For 88 years, patriarchs of the Green family owned and ran what’s now called Firstrust Bank — founder Samuel, son Daniel, grandson Richard.
But as of Jan. 1, Richard J. Green is stepping down as Firstrust’s chief executive. For the first time a non-Green is taking the top job: the bank’s current second-ranking officer, Timothy J. Abell.
The Conshohocken-based lender has $5 billion in loans and other assets, and nearly 500 staff between headquarters and its 19 branches: five in Philadelphia, 14 in the suburbs, plus outposts in Allentown, Pa., Cherry Hill, N.J., and Towson, Md. It has half as many branches as similarly sized rivals — which has become an advantage at a time when U.S. banks are closing their 72,000 remaining offices at the rate of 1,000 a year, as customers bank by phone and online.
» READ MORE: From 2015: At 93, Dad steps aside to give his son the top job
Firstrust is also one of the last of the former herd of banks based in the region, and which competed to finance small employers, family businesses, and family loans. And the bank the Greens founded is the largest of a very few area banks that are still family-owned.
Most local banks have sold out to larger lenders as technology made it easier to shop for loan and deposit rates and investments from afar, squeezing sales and profits. But federal deposit records show Firstrust is more profitable, on a crude return-on-assets basis, than remaining local rivals WSFS, Univest, or Republic.
Green, who is a part owner of the Philadelphia Eagles, in addition to owning Firstrust, will stay on as executive chairman, looking over Abell’s shoulder, calling on familiar clients. And he’s not ruling out that a younger Green (he has three children, none at Firstrust) could someday take over.
Green and Abell spoke to The Inquirer about the transition and the state of their business. Answers have been edited for clarity and brevity.
GREEN: I’m a man of a certain age — I’m 70. I’ve been doing this for 45 years, that I’ve been paid. As a kid I tagged along, unpaid, with my father [who lived to age 98] and grandfather [to 89]. I’m in good shape, and the bank’s in good shape. I want to pay attention to the Green Family Foundation. And, by now, Tim and I have been working together for 18 years. It feels like the right time.
GREEN: I’m not saying it’s impossible, but it’s not in my head right now to go public or sell. We can do more of what we’re doing, with Tim.
GREEN: This bank has never been too heavy on bricks and mortar. [It has about half as many branches as Univest or Republic, whose loans and deposit totals are similar to Firstrust’s.] In our lifetimes there will still be a place for a branch.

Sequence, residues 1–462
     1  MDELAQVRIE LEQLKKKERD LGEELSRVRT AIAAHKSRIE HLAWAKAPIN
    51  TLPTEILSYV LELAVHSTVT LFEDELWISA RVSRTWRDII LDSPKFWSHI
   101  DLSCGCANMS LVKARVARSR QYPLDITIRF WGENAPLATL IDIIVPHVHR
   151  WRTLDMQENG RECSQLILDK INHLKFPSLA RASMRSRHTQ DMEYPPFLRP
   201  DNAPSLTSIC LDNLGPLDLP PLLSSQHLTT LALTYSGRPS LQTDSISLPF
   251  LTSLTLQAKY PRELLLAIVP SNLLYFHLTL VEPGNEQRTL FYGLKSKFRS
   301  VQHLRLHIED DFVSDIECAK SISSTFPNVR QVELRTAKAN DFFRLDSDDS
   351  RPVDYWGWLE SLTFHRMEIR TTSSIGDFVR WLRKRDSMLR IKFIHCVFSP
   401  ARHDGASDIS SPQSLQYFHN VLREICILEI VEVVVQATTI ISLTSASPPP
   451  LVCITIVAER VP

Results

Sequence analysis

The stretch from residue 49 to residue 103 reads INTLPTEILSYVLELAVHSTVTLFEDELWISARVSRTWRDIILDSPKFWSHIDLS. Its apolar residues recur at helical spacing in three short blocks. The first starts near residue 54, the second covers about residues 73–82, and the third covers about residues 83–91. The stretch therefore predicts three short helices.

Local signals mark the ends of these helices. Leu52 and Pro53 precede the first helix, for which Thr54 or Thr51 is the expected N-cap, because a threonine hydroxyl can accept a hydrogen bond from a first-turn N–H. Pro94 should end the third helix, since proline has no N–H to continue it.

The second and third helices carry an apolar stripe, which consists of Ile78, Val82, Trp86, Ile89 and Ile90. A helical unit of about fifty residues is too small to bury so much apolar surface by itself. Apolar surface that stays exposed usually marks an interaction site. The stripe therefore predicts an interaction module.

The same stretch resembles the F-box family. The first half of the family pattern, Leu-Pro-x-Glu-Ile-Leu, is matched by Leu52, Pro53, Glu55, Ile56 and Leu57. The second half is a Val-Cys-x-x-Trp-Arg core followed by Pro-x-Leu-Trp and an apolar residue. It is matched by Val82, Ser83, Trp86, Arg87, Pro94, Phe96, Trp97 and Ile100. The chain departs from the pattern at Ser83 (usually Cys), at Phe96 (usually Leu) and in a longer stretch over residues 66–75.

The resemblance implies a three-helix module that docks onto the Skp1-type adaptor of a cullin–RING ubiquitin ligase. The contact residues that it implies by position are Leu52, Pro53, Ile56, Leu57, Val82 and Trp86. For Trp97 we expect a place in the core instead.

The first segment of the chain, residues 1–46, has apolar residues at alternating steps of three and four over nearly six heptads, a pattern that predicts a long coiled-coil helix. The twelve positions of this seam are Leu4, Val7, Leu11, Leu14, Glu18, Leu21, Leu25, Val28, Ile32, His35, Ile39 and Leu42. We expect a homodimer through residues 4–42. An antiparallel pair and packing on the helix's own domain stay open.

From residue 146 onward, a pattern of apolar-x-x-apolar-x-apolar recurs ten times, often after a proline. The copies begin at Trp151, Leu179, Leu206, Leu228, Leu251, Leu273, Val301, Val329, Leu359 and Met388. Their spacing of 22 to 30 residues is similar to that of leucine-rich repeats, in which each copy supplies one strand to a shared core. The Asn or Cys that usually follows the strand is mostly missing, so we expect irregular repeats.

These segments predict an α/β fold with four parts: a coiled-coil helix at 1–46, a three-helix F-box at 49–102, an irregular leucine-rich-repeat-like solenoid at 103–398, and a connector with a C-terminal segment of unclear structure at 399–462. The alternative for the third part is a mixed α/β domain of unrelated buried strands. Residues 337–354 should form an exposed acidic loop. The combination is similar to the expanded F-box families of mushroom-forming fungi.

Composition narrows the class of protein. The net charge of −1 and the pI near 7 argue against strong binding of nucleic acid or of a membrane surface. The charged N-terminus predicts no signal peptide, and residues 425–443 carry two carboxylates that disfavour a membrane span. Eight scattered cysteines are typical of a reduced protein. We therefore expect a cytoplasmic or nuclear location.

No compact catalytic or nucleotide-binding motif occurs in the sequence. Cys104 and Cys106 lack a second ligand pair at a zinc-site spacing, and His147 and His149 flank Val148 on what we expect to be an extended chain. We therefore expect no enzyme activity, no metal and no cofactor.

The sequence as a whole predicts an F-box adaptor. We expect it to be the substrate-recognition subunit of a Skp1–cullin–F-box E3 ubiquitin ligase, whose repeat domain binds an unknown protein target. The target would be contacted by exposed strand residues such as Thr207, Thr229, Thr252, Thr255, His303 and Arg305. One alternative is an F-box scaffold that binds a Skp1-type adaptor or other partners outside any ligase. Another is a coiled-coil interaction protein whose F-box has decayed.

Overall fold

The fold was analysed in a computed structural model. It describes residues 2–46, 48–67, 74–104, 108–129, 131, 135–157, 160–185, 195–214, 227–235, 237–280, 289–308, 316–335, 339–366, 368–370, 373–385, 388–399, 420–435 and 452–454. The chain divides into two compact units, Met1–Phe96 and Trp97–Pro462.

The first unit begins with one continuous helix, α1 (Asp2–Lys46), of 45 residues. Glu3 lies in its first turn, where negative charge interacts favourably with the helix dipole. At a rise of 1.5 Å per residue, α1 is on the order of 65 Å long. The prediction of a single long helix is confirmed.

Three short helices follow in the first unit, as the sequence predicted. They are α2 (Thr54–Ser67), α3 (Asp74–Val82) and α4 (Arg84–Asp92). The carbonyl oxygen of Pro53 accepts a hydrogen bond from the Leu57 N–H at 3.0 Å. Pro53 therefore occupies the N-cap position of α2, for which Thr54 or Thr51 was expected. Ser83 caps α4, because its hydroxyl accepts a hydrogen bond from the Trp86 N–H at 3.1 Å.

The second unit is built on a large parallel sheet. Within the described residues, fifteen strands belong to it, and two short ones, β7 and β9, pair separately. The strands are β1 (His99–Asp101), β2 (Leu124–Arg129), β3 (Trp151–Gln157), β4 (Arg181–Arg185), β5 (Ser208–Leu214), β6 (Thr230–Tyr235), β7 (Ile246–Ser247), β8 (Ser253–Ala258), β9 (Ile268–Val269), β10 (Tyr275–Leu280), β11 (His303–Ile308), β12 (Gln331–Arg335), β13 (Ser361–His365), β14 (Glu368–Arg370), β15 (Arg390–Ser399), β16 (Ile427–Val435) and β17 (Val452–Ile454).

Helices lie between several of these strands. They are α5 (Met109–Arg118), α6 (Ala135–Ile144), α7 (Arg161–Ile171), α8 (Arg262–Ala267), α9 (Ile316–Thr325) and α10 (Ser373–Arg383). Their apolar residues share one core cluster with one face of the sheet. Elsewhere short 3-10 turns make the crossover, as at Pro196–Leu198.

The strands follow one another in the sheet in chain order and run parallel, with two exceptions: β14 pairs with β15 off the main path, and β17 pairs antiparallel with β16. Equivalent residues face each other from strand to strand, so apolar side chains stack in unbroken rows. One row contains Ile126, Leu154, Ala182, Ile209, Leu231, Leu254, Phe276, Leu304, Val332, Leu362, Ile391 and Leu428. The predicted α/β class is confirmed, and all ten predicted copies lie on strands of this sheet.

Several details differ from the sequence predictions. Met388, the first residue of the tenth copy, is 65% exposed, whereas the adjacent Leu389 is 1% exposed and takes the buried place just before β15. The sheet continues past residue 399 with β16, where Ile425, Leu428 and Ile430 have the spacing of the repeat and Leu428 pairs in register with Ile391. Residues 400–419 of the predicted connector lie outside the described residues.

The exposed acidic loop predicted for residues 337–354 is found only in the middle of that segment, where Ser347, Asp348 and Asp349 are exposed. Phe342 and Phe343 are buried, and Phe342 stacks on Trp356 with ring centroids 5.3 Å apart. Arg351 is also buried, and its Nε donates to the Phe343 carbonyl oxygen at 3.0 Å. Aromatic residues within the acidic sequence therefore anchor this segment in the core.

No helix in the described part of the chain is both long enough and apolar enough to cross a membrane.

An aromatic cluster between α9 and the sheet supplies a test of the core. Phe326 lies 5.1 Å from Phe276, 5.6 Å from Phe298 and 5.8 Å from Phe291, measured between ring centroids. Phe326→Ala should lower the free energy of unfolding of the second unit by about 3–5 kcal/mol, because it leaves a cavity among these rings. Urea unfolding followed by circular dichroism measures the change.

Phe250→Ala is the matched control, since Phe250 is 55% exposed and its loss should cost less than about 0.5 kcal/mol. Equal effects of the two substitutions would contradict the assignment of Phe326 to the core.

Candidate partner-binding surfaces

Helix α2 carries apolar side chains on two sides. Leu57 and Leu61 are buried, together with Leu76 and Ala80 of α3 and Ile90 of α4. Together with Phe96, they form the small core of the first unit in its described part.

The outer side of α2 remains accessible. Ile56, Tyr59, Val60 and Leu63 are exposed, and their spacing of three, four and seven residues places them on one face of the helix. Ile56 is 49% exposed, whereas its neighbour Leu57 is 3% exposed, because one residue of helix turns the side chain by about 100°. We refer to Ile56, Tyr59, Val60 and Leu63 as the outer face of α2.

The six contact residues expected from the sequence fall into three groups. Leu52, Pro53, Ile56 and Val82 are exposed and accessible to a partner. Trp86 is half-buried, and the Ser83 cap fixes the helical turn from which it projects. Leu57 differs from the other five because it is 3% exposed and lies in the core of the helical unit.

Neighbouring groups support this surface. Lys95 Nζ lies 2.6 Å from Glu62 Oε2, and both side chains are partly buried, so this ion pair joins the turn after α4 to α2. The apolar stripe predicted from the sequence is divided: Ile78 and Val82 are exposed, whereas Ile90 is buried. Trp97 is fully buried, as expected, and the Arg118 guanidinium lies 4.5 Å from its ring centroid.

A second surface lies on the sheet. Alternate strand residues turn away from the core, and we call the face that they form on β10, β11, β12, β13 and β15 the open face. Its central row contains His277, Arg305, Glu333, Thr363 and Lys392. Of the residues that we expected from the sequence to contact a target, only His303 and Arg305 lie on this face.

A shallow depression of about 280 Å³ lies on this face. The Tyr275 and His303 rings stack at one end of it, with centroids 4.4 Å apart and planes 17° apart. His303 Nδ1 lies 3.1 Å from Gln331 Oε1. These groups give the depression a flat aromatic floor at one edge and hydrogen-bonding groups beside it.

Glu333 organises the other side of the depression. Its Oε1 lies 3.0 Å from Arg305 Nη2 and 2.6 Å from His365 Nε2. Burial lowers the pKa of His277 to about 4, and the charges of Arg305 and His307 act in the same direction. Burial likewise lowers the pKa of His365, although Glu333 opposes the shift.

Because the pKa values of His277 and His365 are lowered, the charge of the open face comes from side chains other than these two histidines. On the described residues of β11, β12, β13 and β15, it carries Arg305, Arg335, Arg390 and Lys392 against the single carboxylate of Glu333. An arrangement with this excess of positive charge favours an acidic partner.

There are a lot of family businesses in our area. I know a lot of the people you see in The Inquirer who own very large businesses — the Yohs [Day & Zimmerman], the Woods [Wawa]; Harold Scattergood [Boenning & Scattergood] was my neighbor. They all know us, and they know we’re a family business, too.
GREEN: Technology is actually a great leveler between large and small banks. We’re spending a lot of money on our digital transformation. And we will spend more; that’s where banking is headed.
We are large enough to make those expenditures when we are thoughtful. Some things we have to customize, but a lot we can take right off the shelf, from the same vendors much larger banks also select.
So size isn’t necessarily determinative. It does help that we have one shareholder: I’m demanding, but patient. It enables us to focus on longtime value creation, not growth for growth’s sake. We are not successful today because of what we did last week but because we made decisions months and years ahead.
GREEN: It’s kind of a laboratory, like Betsy Cohen’s [Delaware-based)] Bancorp Bank, to find what services we can do for the new financial technology [fintech] lenders. And we have Apex Commercial Capital, which does equipment leasing and real estate finance, services that not everyone offers. And Firstrust Financial Resources, that’s wealth management. And we’re the official bank of the Philadelphia Eagles.
ABELL: There’s a lot of advantages to being privately owned. We do operate under that long-term vision. We don’t have to worry as much about quarterly earnings reports. So, as other community banks have sold, it’s made more opportunity for us — their customers come to us. I want to accelerate that.
Our story resonates — we are a family business; we like financing other family businesses. Five billion dollars is big enough to fund a lot of [client] transactions, but small enough to keep our relationships. We have plenty of room to grow in Philadelphia.